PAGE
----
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If you’re a homeowner, it’s important to make sure you can stay on top of all of your household bills. You always want to be sure that your income covers everything you need it to.

But what about if you find you’ve got some extra money left at the end of the month? Maybe you’ve had a pay rise, you’re spending less on your bills or you might just have a lump sum of money. Whatever the reason, it’s important to work out whether it’s better for you to save this or to use it to overpay your mortgage.

Can you overpay?

Before you start trying to overpay on your mortgage, it’s important to work out whether you can do this. If you’re still in the initial fixed deal you signed up to when you first took out your mortgage, there’s probably a limit to how much you can overpay each year. This is usually 10% of your existing mortgage balance but it can vary – check the details of your mortgage to make sure.

But if you’ve finished your initial deal, you’ve probably moved onto your lender’s Standard Variable Rate (SVR). There’s usually not a limit for overpaying on the SVR but this depends on the individual lender or broker – again, check before you start overpaying.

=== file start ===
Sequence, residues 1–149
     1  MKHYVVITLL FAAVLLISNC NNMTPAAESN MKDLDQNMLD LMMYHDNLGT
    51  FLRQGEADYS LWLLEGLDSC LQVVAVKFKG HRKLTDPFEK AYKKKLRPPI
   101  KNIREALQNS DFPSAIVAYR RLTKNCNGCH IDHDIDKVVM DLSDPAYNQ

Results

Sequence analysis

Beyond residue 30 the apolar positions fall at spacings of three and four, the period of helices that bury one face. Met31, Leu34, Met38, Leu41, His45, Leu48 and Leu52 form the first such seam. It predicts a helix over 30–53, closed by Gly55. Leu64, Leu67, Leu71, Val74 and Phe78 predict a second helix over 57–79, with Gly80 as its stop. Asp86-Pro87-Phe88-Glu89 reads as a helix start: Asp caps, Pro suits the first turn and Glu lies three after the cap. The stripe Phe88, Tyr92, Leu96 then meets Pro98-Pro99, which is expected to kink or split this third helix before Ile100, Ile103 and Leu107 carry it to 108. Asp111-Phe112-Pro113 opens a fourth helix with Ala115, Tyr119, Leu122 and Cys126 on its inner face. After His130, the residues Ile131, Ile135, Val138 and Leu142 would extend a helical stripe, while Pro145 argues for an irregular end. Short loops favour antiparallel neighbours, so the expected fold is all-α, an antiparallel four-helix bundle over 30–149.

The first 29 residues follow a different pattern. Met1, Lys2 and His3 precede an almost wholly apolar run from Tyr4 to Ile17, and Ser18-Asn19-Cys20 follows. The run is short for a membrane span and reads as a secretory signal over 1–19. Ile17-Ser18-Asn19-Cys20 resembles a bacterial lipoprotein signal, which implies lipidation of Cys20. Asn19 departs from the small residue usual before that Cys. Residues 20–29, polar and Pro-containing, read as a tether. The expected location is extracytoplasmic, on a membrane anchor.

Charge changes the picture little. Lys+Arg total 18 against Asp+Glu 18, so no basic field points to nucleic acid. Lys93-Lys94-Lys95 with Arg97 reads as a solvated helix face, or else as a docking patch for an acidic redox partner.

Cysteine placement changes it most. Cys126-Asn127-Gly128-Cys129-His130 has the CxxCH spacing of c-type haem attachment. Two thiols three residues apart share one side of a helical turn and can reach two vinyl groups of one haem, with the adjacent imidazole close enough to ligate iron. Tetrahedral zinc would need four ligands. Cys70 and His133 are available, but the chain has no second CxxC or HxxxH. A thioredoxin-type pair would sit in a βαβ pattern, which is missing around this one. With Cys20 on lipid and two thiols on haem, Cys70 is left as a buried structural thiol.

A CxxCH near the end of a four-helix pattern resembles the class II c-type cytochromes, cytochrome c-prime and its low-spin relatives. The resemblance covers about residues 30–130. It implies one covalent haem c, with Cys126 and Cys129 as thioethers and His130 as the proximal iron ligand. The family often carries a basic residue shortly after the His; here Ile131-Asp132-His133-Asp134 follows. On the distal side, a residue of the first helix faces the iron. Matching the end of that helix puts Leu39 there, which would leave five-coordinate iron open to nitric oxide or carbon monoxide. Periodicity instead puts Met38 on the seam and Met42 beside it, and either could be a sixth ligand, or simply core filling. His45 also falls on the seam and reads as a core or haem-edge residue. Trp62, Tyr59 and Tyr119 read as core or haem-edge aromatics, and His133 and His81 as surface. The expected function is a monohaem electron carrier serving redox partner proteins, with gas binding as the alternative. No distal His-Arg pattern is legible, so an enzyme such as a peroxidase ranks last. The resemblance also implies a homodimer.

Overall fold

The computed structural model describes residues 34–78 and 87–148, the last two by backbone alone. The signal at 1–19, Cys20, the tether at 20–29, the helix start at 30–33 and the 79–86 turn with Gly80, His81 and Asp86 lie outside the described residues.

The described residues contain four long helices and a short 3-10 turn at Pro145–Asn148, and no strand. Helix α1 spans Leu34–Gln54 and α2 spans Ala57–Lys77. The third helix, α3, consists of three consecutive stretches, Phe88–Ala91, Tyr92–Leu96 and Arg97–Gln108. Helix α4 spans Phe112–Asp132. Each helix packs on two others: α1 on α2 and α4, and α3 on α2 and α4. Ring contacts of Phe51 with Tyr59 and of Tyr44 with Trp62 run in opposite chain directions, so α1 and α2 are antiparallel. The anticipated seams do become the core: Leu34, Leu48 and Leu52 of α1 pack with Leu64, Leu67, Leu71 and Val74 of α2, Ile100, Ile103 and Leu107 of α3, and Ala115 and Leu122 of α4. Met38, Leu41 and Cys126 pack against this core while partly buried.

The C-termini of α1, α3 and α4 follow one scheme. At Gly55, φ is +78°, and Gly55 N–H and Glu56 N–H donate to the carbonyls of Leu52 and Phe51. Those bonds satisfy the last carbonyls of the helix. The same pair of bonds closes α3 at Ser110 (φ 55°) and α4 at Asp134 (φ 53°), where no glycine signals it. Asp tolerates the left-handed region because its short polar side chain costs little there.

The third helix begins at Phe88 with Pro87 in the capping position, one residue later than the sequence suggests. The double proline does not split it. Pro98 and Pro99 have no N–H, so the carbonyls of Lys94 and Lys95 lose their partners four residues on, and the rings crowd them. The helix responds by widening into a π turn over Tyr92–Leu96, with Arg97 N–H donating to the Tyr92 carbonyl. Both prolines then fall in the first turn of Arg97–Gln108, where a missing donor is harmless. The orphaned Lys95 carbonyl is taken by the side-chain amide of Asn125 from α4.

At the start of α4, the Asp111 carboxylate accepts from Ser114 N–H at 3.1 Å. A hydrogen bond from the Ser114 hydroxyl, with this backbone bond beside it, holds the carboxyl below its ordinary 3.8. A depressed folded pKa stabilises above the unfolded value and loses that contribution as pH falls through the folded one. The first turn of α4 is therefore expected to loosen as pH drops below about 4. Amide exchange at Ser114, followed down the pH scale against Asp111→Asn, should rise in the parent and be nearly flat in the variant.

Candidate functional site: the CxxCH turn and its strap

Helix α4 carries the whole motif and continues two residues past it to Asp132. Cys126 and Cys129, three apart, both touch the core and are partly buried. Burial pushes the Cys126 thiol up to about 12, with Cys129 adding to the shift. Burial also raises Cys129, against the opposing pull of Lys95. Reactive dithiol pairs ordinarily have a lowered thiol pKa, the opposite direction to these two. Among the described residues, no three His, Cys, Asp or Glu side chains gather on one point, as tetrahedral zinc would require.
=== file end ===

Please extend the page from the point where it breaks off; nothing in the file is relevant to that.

If you overpay more than the limit, you could have to pay a penalty fee. You’ll want to avoid this, so use a mortgage overpayment calculator to work out how much you can overpay, like this one from MoneySavingExpert.

Will you save money?

Overpaying on your mortgage means you can end it sooner. This means you’ll save money on interest. Even if you can’t afford to overpay very much, or you can’t make regular overpayments, it will still save you some cash.

For example, if you’ve currently got a £100,000 repayment mortgage for 30 years at 3.5% interest and you can afford to spend £25 extra on it a month, you could end your mortgage two years and eight months earlier. What’s more, you’d save more than £6,000 in interest over the lifetime of your mortgage.

What to watch out for

As you can save a lot of money by overpaying your mortgage – not to mention clear it much faster – you might think it’s a no-brainer. But it’s important to make sure you’re not leaving yourself too stretched with your other bills.

So if you’ve only got a small amount of disposable income left at the end of the month after you’ve paid all of your bills, it might be better for you to put this towards an emergency savings pot instead. This will be useful if you have an unexpected bill to pay one month – for example, if your washing machine breaks or your car stops working. Find out more about why this is a good idea with our blog on rainy day funds.

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